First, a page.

Seven days before the Brexit referendum, the Labour MP Jo Cox was out campaigning for Britain to remain in the European Union, when she was shot, stabbed and murdered by a far-right maniac shouting ‘Britain First’.
People were shocked, and shock instantly turned to rage. This is what happens, they said, when you fan the flames of right-wing extremism. Pundits pointed at a provocative UKIP poster that showed a queue of migrants from the developing world and said, in Trumpian capitals, BREAKING POINT. That was a clear incitement to violence, they said.
The whole political/media class thought that was that. The staff at Vote Leave (the official, pro-Brexit campaign, who hadn’t put out that poster) were despondent. Brexit was now toxic: all their efforts had been tarred with the crazy brush.
Then something strange happened. The polls showing EU support went down, and then, on June 23, to much horror, the British voted Leave. This led to a sense among Remainers that Brexit was not just bad, but possibly evil. The whole country had succumbed to Britain First madness.
But what had happened? Had the British public suddenly become pro-violence? Of course not. The truth is that the Cox story revealed that laws of electoral physics are not immutable. Rolling news and social media renders public reactions ever harder to predict.
Big, even awful ‘surprises’ now do not necessarily influence how people vote. Indeed, perhaps the widespread media assumption that, after Cox, no sane person could support Brexit, prompted a lot of people to think differently. Perhaps the Remain campaign became complacent in the final days. It’s even possible that, had Jo Cox not been murdered, Britain would still be in the European Union.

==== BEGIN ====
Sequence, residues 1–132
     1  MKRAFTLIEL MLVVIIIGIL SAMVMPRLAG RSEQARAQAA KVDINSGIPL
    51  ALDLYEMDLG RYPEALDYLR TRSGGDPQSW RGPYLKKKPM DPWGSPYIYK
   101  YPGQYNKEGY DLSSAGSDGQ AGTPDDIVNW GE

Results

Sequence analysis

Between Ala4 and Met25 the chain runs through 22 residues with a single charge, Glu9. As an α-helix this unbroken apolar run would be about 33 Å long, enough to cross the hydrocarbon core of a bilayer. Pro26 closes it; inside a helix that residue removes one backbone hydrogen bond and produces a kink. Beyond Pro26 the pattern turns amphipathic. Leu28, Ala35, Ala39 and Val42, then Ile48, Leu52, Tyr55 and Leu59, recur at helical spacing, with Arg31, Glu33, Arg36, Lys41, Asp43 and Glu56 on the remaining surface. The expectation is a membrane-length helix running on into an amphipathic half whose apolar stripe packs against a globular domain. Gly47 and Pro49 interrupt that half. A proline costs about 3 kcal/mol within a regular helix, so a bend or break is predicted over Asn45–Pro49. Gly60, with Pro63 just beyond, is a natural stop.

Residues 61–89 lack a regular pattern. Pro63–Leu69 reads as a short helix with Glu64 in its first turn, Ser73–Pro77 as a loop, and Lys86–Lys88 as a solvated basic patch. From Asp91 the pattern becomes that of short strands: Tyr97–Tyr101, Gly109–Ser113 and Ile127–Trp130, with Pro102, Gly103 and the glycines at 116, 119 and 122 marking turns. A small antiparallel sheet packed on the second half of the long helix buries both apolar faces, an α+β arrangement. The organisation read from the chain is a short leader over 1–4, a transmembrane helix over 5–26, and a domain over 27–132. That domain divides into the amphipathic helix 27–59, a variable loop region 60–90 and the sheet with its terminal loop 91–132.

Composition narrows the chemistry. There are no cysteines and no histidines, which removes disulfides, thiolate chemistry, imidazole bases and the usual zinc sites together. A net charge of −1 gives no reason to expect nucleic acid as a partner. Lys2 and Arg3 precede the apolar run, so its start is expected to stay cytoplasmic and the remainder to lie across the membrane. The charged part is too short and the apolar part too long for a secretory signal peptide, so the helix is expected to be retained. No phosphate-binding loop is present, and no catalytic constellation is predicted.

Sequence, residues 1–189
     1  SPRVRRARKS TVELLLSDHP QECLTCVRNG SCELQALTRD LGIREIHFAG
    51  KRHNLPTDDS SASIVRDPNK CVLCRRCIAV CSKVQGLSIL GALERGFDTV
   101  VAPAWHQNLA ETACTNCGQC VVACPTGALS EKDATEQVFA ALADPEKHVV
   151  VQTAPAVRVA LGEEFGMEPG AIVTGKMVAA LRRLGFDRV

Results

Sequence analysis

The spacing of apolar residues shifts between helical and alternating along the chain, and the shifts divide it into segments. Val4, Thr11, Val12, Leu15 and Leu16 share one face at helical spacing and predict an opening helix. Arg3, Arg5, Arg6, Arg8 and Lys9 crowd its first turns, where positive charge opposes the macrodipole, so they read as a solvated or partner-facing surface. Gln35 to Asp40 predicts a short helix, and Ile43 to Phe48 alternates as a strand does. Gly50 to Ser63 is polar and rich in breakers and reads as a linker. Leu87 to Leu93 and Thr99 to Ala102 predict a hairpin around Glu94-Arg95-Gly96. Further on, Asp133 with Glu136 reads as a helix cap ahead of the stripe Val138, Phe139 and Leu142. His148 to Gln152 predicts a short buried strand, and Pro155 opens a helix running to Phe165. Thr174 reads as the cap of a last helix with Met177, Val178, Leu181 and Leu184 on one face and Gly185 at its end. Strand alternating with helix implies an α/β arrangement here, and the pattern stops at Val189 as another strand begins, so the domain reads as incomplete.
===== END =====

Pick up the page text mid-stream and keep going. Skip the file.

It’s worth bearing the Cox story in mind when thinking about the pipe bombs mailed to various Trump opponents this week. Nobody died in this latest act of (seemingly) right-wing terror, thank goodness. But one sees the same dynamics at play. Democrats have been far too quick to say that Trump hath wrought this terror.
When shocking things happen – again, happily, the pipe bombs story is not too shocking – people don’t necessarily want politicians to play politics, even if their more ardent supporters are crying out for it.
Nancy Pelosi and Chuck Schumer could not help themselves. Quick as a flash, they fingered Trump. They repeated the point that Trump and his rhetoric were responsible. Rather than expressing relief or gratitude that the President Trump has issued a statement condemning the violence, they said his words were ‘hollow’.
‘Time and time again,’ they said, ‘the President has condoned physical violence and divided Americans with his words and his actions: expressing support for the Congressman who body-slammed a reporter, the neo-Nazis who killed a young woman in Charlottesville, his supporters at rallies who get violent with protesters, dictators around the world who murder their own citizens, and referring to the free press as the enemy of the people.’
Nobody understands how public reactions multiply in the social media age. But the Pelosis and Schumers of this world are less shrewd than Trump when it comes to judging the mood. It would have been far more impressive for them to surprise everyone by not laying the blame directly at Trump’s door. To seize the political opportunity seems not just graceless but foolish. They look cynical.
I know, I know – the Democrats now think they need to fight dirty to beat Trump. They should wrestle the pig. ‘When they go low, we kick em,’ says Eric Holder, adapting Michelle Obama’s maxim for what he thinks is necessary to win in 2018.
But that argument is based on the false premise that the party ever ‘went high’ against Trump. Going high, in Democrat language, means moral grandstanding, making a show virtue, which is itself a vice. It turns out going low pretty much means the same thing.
Nobody can tell whether the bomb threats will influence the midterms. Perhaps it’s not a significant enough news event to make much difference. But it’s not beyond the realms of possibility to suggest the story could actually help Trump, given that the Democrats will be bound to court a backlash by endlessly equating Trumpism with extremism. The lesson of Jo Cox is that you never know.